As sectarian violence in Iraq continues to flare up despite a massive Bush-ordered military escalation, The Independent is reporting that British government officials have described as “sound” the methods used to estimate that more than 600,000 Iraqis have been killed since the invasion.
The study was conducted by researchers at Johns Hopkins University and a Baghdad University and published in the respected medical journal The Lancet two years ago.
The study has been publicly rejected by the US and British governments. But recently declassified British government documents show that the chief scientific adviser to Britain’s Ministry of Defense described the methods used in the study as “robust” and “close to best practice.”
During the war, more than 3,240 US troops have also been killed, and conservative estimates of the numbers of troops wounded both physically and mentally are well over 50,000.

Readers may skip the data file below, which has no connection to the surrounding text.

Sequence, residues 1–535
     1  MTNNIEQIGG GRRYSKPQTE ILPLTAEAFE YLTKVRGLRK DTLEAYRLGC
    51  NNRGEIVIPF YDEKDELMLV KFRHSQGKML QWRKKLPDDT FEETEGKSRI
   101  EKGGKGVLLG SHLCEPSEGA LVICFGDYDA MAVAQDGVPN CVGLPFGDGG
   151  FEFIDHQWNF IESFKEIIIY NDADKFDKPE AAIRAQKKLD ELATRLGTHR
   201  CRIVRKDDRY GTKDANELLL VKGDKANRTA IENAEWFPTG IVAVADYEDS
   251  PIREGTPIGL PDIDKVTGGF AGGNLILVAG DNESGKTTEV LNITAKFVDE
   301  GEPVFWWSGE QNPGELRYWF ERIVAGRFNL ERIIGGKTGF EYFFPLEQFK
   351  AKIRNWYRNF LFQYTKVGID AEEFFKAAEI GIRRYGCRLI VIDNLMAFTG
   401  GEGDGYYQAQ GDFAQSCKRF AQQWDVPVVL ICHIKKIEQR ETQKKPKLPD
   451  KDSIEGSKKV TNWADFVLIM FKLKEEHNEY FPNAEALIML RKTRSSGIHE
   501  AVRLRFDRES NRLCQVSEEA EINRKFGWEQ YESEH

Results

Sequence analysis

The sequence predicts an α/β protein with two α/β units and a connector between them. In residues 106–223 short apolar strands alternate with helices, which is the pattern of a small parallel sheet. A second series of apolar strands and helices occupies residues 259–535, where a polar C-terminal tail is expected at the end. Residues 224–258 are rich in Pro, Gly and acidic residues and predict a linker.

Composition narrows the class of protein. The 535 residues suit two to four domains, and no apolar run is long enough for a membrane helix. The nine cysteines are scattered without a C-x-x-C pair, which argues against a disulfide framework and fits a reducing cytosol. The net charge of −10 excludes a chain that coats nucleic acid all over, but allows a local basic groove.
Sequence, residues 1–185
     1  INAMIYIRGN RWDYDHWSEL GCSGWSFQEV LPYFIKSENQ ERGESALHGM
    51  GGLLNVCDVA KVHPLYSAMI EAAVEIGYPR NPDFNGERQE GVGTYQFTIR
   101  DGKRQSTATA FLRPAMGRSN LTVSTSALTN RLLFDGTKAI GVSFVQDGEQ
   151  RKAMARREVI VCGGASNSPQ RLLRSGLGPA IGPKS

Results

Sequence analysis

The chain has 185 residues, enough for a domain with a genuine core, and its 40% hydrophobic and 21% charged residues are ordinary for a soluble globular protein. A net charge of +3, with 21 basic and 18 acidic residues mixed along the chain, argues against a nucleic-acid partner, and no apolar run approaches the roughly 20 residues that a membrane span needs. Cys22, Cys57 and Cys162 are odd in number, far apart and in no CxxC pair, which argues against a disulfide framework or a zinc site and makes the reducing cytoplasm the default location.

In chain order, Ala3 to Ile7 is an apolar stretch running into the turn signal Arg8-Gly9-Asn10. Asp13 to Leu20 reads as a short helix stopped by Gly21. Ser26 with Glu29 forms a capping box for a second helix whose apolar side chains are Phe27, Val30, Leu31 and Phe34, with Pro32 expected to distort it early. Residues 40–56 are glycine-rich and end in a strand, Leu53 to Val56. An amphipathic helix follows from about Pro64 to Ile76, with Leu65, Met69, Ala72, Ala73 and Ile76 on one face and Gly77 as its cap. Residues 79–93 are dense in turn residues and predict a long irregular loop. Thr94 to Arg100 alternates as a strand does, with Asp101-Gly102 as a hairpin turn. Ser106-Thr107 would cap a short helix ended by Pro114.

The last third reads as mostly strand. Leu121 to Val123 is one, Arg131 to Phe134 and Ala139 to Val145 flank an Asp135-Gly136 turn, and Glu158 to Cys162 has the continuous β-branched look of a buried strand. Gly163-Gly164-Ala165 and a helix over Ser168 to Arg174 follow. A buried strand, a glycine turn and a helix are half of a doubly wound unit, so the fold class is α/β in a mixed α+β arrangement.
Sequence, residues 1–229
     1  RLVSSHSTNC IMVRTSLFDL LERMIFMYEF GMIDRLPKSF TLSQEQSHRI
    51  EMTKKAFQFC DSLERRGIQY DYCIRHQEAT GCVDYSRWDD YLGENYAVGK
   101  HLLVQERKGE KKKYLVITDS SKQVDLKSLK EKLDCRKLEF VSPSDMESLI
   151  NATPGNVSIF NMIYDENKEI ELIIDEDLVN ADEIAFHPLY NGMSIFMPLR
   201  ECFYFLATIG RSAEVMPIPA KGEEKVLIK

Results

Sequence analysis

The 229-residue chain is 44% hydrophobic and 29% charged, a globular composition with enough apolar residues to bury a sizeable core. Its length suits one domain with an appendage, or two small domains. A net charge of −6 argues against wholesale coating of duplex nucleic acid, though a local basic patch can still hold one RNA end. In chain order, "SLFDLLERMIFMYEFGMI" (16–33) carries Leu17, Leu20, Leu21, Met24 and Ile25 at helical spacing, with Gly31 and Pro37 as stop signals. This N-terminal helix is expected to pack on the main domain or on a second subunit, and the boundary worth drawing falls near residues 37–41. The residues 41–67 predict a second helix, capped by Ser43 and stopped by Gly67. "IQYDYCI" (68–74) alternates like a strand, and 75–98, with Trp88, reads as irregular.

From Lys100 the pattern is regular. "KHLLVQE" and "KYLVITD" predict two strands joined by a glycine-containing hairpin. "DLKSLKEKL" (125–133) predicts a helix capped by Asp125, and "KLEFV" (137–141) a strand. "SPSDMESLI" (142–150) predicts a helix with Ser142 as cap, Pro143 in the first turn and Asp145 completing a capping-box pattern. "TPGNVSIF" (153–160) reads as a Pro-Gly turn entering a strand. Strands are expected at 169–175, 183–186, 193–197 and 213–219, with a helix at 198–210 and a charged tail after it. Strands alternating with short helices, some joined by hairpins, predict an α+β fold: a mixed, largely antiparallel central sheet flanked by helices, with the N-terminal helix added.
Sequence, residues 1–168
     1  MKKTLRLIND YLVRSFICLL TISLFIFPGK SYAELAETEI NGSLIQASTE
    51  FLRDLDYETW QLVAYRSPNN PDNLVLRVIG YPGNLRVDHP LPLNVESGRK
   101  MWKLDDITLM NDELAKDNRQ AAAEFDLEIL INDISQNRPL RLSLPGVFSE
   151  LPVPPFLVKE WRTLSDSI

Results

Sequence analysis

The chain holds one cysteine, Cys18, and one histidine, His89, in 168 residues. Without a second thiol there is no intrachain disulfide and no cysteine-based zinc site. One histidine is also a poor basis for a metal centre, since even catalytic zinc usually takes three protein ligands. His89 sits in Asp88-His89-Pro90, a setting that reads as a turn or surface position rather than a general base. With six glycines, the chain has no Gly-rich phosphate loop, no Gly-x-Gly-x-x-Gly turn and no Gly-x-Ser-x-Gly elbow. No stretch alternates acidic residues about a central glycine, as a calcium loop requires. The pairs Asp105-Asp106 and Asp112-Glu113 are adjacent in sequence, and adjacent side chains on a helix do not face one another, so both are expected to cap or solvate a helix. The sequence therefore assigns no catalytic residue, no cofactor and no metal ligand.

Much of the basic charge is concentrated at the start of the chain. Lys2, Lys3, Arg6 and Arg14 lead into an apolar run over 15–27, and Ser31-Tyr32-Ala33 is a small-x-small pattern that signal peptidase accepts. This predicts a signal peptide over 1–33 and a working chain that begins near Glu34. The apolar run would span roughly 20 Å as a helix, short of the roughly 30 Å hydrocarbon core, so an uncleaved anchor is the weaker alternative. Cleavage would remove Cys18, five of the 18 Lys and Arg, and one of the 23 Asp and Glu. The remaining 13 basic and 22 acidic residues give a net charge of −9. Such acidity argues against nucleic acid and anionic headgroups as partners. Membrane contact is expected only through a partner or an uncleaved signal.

Commenting Tuesday on the refusal of President Bush to accept the electoral mandate for a new direction in Iraq by bringing the war to an end, Sen. Chuck Hagel (R-NB) characterized the effects of the war as “significant damage to our military” and “devastating to our country.”
Congress set the stage for a confrontation with Bush over the war policy by passing two bills that tie a timetable for withdrawal to new funding for the war.
Congressional Democratic leaders warned President Bush Wednesday that he must accept a timetable for withdrawal.